While the concept of digitalisation in the education sector isn’t new, the ongoing pandemic has put increased pressure on educational institutions to digitalise and implement new technologies. Whether or not these digital solutions merely supplement or entirely replace existing, more traditional teaching and testing practices, they should ultimately provide additional value to educators and students alike. But, if implementation isn’t done properly, these innovative solutions may get left behind. So how should they be implemented?
Higher education institutions have gradually made the transition to digital learning and teaching, but online exams, especially via online proctoring, are still in their infancy across the EU. The reasons are manifold: questions and circulating misinformation regarding data protection, compatibility with education law, insufficiently qualified online examiners, and a lack of awareness among internal university stakeholders (university management, teaching staff, and students). Still, online exams are often the only way to give students access to appropriate testing. Paired with online proctoring, educational institutions can provide this important alternative to on-site exams, giving students the flexibility to take tests when and where it is most convenient for them to do so while still maintaining the academic integrity of assessments. That’s why the implementation phase is so important.
There are three pillars to the successful implementation of online proctoring: involvement, compliance, and applicability.
- Involvement: In keeping the process transparent by providing detailed information to students and involving them in the process from the outset, institutions will be able to foster trust and understanding in the student body. Keep in mind that there will always be students who prefer other testing options and make sure to offer viable alternatives (i.e., on-site exams or postponed exams). Typically though, when these steps are taken, there is an above average acceptance rate: generally over 95% chose online proctoring over alternatives.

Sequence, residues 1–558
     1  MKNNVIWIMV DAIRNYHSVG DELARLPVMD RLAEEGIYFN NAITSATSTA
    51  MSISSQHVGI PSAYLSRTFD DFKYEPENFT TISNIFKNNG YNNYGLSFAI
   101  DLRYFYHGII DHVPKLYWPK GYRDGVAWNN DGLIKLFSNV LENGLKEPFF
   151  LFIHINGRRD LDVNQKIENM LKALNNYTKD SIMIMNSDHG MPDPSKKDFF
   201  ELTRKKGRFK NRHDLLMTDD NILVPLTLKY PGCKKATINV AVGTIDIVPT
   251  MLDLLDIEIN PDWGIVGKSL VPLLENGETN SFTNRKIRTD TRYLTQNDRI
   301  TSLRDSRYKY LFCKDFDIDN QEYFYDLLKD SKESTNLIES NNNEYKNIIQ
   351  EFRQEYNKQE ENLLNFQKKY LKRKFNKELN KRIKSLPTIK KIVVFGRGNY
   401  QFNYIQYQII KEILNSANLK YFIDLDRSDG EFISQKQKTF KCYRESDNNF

- Compliance: The discussion around online proctoring often begins with data protection concerns. Make sure that the system you want to implement satisfies applicable regulations and standards (e.g., the GDPR) and be sure to share detailed information about your relevant compliant processes to avoid being met with resistance.
- Applicability: Not every exam lends itself to online proctoring. Make sure you have a process in place to determine the best testing formats for any given exam. A doctorate thesis defense may not be ideal for online proctoring, whereas a test of reading comprehension could be. These decisions should be made on an institutional level to promote fairness and equity.
Written by Proctorio for OEB21. For more information about implementing online proctored exams, check out their session at OEB21, where they will be supported by one of Germany’s most renowned universities, the Technical University of Munich, which has successfully introduced Proctorio.